By Andrews Ross June 15, 2011
One doesn’t normally think of Mongolia when one looks at Asia’s fast growing economies and the opportunities they offer to Bay Area businesses.
But Mongolia is thinking about the Bay Area.
The land of Genghis Khan opened its first official U.S. consulate on Tuesday in San Francisco and isn’t here just to help out the local Mongolian population (approximately 3,000, mostly in the East Bay), or to help with various cultural exchanges.
“We’re interested in business partnerships,” saidBegzjav Dulamsuren, CFO of MobiCom, the country’s largest mobile phone operator, who was part of a 30-member trade and investment delegation visiting the Bay Area on Tuesday in conjunction with the consulate opening.
High tech is one area that the delegation discussed, with folks at Google on Tuesday afternoon. Sustainable development and green building is another the delegation raised at a morning meeting at the offices of Heller Manus. The San Francisco architecture firm is working on several projects in China, including one in Inner Mongolia.
Early adopters: By my count, in a handout from the government’s Foreign Investment and Foreign Trade agency, Mongolia is looking for about $15 billion in foreign investment, primarily in resource extraction – the country has huge amounts of coal, plus copper, iron ore, uranium and other raw materials – but also in agriculture, infrastructure, including water and communications, information technology and tourist development.
San Francisco’s Bechtel Corp. has already nabbed the master plan contract for an industrial complex 200 miles east of the capital, Ulan Bator, which will contain an oil refinery, a coal gasification plant and other processing facilities. Figure Bechtel will get a major piece of its construction also.
Greenoaks Capital Management, a private equity firm headquartered in Redwood Shores, has already invested in the country’s coal mines and is looking at opportunities in home building and real estate there, said managing partner Nitin Mehta.
With a population of just 2.8 million and a small, if growing, gross domestic product, Mongolia doesn’t have the same draw as some of the giant neighbors surrounding the landlocked country. But it does have enormous resources, money to spend and ambition.
Making waves: Now, we’re not even hinting at the possibility of dual loyalties here when we note thatChinaSF, the public-private agency that recruits Chinese companies to open branches locally, has been actively involved in China Team’s entry in the 2013 America’s Cup.
It’s not entirely surprising, given the immense interest Chinese businesses have expressed in a home country team seriously competing for yachting’s most watched competition and greatest prize.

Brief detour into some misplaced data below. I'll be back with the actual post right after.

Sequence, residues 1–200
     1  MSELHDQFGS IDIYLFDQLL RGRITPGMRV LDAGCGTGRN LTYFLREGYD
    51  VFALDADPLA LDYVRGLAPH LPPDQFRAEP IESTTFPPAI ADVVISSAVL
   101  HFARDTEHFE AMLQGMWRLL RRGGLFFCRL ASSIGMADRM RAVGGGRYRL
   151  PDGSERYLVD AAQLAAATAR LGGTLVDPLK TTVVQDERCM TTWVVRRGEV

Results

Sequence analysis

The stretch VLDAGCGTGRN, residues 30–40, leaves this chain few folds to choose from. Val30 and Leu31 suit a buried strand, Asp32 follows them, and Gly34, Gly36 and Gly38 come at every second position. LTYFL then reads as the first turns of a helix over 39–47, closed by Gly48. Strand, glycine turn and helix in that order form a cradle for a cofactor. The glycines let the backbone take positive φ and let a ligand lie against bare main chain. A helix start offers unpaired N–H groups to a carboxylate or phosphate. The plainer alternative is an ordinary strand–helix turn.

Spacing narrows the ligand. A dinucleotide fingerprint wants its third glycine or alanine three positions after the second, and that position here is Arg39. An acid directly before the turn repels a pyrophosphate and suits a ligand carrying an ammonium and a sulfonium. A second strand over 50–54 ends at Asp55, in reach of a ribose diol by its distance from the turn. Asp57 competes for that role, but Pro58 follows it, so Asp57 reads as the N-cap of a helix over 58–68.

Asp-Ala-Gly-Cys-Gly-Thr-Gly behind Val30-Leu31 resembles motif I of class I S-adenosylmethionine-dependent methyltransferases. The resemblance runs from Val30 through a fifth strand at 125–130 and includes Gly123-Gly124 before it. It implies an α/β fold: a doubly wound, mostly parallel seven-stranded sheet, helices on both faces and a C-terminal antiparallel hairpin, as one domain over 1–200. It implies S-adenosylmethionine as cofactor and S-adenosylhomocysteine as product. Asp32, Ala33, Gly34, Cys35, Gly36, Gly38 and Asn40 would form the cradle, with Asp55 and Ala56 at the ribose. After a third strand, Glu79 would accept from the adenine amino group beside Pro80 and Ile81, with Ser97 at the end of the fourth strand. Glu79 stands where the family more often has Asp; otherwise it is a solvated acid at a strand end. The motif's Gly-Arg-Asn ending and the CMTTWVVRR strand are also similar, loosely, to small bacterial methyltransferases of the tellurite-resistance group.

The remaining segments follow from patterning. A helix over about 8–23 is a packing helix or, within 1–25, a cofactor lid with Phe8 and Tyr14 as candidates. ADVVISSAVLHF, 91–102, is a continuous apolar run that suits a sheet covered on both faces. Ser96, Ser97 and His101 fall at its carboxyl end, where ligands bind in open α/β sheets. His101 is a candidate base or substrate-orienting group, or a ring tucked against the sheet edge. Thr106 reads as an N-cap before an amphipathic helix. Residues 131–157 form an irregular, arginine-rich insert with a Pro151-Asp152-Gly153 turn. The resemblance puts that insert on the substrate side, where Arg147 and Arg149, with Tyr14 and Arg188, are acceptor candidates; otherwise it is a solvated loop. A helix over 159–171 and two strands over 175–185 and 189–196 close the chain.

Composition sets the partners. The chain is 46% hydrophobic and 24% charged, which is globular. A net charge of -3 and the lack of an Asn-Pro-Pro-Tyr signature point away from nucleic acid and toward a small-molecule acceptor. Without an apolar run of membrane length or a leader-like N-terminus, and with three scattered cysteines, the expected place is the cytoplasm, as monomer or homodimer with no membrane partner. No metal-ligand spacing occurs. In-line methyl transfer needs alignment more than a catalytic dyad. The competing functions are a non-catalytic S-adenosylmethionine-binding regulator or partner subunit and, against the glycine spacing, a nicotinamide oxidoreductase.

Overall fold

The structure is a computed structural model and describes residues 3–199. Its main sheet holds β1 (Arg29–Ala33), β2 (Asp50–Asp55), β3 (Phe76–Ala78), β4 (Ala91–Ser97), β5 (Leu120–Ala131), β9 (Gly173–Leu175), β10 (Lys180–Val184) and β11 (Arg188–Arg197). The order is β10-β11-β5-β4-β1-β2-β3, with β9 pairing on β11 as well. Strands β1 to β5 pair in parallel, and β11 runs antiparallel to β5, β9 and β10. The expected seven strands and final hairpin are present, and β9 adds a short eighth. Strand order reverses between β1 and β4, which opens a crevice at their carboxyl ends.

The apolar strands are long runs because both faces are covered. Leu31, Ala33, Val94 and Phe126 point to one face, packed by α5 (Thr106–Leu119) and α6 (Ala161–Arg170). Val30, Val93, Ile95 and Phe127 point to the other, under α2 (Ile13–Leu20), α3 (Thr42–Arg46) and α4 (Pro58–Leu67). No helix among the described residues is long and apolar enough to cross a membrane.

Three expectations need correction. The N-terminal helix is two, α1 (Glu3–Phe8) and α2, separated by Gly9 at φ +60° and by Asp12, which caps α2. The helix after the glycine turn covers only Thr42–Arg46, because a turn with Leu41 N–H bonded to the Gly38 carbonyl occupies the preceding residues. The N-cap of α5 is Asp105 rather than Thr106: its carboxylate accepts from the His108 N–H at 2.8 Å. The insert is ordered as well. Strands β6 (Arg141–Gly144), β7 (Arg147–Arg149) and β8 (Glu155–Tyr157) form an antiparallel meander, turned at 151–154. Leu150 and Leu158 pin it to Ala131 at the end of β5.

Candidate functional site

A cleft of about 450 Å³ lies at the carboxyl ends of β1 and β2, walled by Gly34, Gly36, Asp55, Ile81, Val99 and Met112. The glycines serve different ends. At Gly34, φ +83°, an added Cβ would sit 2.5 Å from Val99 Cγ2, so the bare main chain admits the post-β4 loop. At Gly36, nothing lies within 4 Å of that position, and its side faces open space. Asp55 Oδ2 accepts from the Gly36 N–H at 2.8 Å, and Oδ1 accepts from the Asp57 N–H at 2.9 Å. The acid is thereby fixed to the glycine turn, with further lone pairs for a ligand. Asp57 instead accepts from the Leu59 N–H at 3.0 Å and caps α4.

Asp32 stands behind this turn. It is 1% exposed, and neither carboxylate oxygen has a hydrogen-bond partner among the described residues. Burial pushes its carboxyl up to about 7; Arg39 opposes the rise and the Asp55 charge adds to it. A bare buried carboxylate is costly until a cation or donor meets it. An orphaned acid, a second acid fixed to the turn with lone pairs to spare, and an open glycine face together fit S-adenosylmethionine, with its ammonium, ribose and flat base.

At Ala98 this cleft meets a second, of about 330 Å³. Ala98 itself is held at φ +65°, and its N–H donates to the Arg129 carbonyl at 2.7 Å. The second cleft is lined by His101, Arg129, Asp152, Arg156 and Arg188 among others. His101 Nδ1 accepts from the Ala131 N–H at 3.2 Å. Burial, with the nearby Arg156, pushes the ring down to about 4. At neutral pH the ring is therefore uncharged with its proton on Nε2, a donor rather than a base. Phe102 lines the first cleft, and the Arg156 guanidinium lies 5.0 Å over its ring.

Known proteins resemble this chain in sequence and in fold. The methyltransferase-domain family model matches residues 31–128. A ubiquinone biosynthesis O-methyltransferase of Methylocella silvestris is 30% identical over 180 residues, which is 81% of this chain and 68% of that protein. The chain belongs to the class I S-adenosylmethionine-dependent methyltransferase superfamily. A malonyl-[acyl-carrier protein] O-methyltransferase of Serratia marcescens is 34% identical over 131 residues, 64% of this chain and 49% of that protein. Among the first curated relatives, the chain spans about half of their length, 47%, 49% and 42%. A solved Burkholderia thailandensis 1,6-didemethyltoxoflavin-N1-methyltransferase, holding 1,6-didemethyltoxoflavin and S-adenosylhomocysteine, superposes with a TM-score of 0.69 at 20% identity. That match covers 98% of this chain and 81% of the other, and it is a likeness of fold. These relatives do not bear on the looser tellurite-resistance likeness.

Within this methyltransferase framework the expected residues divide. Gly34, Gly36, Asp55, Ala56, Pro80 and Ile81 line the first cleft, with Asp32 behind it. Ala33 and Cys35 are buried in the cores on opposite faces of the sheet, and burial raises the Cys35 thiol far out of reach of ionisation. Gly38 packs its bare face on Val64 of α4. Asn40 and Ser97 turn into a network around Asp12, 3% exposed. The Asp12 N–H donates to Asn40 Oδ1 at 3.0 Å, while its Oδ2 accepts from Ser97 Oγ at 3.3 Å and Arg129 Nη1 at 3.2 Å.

“In China we are on the top of the biggest marketing wave in the world,” said China Team CEO Thierry Barot in an America’s Cup blog post.
“When you see what China did with the Olympics it gives you an idea as to how the country will support us,” said Barot, adding that “the Team’s been heartily welcomed by China SF.” (sfg.ly/kdKSdB)
“We’ve not only supported the China team, but, with many of the Chinese companies ChinaSF works with, have actively promoted the race,” said ChinaSF executive director Ginny Fang, who was present at China’s official entry in Beijing in March.
Fang said ChinaSF has also been a “local conduit” for the team, hooking it up with local resources and posting job descriptions for local hires.
One of the things Barot said he is looking for is “more talent.”
“We are looking for North American sailors of Chinese origin and the West Coast of the U.S. has the biggest Chinese community outside of China, so it’s a great place for us to recruit from.”
Team members are set to appear with Mayor Ed Leeat a welcoming press conference today at the Ferry Building, and Thursday evening at a cocktail reception thrown by ChinaSF at the Chinese Historical Society of America. (sfg.ly/j5HJwN)
We don’t know if Larry Ellison will be present at either event. We doubt it.
Business development: Fang and other members of ChinaSF returned last week from their latest business trip to China, having met with government officials and executives of companies looking to expand here.
The companies included People’s Insurance Company of China, the country’s largest insurance provider; the Bank of Communications, its fifth largest bank; Founders Group, a high-tech and pharmaceuticals company; and a restaurant chain.
ChinaSF also signed a “memorandum of understanding” to explore a partnership between San Francisco and a “sustainable design district” in the city of Wuxi, which is becoming a center of alternative energy development.
No deals were announced, but an interesting one, I’m told, is in the offing.